Pears are known to be good for the digestive system and have anti-inflammatory properties. they may also boost heart health and lower the risk of diabetes. The down side? Some 40% of them have been found to contain Pyrimethanil, a possible carcinogen with suspected toxicity.

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9. Peaches

Besides being a delicious summertime treat, peaches are full of vitamins and minerals, including a healthy dose of vitamin C and antioxidant polyphenols and carotenoids. They may, however, contain the bee toxins Fludioxonil and Phosmet as well as iprodione, a known carcinogen.


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8. Cherries

Cherries are full of vitamins and minerals, and are a good source of potassium, essential for heart health. Among the pesticides they might contain, though, are Bifenthrin, known as a bee toxin and also a developmental or reproductive toxin.

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7. Bell and hot peppers

Bell peppers are high in vitamins and antioxidants, especially vitamin C and carotenoids. Some of their health benefits include improving eye health and reducing the risk of some chronic diseases. Both may contain trace amounts and sometimes significant doses of countless pesticides with deleterious effects on humans.


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6. Grapes

Grapes are a great source of the antioxidant resveratrol, which some studies suggest may help prevent certain cancers including breast, liver, stomach, and lymphatic cancers. One of the main pesticides grapes contain is Imidacloprid, a strong bee toxin.

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5. Apples

Apples – particularly their skin – contain a high concentration of the flavonoid quercetin, which has been studied extensively and is shown to inhibit the proliferation of multiple types of cancer including prostate, breast, lung, cervical, and colon. An apple a day may keep the doctor away, but apple-lovers should be aware that the fruit typically contains numerous pesticides, including Diphenylamine or DPA (which has no known toxicity), Thiabendazole (which may be carcinogenic and contain developmental or reproductive toxins), and Pyrimethanil (suspected of being carcinogenic).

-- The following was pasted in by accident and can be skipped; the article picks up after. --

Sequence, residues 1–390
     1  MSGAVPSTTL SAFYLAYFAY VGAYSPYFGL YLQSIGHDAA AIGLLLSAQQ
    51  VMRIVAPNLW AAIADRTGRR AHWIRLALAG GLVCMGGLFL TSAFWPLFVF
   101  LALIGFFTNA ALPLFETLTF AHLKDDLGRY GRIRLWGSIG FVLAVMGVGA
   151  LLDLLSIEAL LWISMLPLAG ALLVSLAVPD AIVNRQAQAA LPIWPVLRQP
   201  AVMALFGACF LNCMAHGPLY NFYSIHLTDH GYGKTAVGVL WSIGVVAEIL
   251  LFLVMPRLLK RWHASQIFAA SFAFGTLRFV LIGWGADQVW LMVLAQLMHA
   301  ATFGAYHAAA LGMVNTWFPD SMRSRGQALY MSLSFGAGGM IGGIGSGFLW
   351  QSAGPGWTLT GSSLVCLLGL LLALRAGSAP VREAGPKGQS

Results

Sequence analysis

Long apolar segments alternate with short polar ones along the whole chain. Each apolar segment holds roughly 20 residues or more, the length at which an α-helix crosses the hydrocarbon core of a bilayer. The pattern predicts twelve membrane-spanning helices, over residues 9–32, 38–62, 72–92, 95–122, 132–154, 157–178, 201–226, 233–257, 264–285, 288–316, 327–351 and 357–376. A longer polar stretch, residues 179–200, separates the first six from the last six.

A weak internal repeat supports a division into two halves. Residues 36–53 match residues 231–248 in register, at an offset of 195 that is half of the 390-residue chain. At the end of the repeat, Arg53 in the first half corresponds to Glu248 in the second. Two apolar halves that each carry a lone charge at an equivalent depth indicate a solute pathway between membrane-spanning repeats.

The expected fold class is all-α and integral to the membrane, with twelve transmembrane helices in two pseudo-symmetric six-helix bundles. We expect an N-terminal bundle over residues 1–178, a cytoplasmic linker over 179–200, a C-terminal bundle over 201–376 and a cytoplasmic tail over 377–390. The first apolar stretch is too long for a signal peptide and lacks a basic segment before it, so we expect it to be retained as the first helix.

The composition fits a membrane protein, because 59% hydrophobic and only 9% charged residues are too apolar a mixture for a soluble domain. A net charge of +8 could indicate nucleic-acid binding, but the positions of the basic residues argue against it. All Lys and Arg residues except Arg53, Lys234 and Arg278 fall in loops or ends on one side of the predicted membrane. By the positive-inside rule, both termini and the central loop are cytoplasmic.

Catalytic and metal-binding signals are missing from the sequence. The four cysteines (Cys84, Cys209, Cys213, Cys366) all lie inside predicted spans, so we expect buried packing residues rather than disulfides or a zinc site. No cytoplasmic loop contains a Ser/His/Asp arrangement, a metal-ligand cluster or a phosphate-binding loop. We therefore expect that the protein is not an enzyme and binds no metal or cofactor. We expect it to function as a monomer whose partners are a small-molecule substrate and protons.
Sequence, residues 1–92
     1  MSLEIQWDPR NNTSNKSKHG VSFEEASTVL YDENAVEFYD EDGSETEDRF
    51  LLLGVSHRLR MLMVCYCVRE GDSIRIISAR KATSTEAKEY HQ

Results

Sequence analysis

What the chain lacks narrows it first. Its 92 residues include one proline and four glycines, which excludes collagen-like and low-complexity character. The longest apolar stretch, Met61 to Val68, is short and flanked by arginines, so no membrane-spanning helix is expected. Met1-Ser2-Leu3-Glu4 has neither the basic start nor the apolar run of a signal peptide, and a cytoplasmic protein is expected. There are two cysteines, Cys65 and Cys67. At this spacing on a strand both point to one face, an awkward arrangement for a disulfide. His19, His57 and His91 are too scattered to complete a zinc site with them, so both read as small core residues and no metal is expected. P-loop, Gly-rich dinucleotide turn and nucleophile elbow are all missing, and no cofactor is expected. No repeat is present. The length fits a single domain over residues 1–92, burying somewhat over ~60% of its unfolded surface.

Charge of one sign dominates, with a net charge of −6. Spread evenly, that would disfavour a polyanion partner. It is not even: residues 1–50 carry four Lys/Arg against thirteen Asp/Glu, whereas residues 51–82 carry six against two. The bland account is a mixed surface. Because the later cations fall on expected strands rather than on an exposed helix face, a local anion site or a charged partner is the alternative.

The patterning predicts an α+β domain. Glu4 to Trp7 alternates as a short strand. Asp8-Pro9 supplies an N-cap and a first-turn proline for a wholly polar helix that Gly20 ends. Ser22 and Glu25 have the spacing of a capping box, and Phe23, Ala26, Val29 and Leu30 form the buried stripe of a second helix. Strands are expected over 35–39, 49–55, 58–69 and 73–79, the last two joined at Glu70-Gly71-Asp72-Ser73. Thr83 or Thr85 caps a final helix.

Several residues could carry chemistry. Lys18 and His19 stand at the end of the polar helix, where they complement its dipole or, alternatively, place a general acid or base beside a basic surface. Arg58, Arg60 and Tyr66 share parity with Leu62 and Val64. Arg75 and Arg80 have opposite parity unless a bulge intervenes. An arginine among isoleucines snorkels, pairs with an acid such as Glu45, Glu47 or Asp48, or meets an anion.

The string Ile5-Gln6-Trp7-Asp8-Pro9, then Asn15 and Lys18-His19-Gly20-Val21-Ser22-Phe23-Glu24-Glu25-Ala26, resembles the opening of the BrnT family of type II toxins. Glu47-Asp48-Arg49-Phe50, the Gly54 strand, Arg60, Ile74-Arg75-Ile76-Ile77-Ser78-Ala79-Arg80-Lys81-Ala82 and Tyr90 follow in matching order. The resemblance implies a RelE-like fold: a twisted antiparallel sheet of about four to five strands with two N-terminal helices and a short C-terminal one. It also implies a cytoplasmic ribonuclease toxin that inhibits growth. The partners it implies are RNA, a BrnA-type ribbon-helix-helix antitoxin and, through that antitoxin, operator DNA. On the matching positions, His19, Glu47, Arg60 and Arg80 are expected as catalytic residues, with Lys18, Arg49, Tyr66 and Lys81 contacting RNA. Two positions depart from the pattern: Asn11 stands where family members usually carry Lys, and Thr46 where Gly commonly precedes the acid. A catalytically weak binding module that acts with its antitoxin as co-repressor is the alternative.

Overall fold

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4. Nectarines

Nectarines are rich in vitamin C, vitamin A, and fiber, among other nutrients. The fruit may help with boosting immunity and lowering blood pressure. The main villain here is formetanate hydrochloride, a neurotoxin.


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3. Kale; collard and mustard greens

Carotenoids in leafy greens like kale can also boost the body’s antioxidant defenses, helping to prevent cell damage and inhibit the formation of carcinogens. At the same time, ironically, about half the samples tested contained a suspected carcinogen, Dimethyl tetrachloroterephthalate, or DCPA.

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2. Spinach

Spinach is high in antioxidant carotenoids including lutein and zeaxanthin that could help protect against cancer of the esophagus, stomach, and mouth. The pesticide known as Permethrin, total was found on about 50% of the samples tested; this is a possible carcinogen, a slight bee toxin, and a suspected hormone disrupter.


1. Strawberries

Strawberries are high in both vitamin C and ellagic acid, which can help prevent cancers of the skin, lung, breast, esophagus, and bladder. Wash them well, though, as they may contain various quantities of almost 50 pesticides.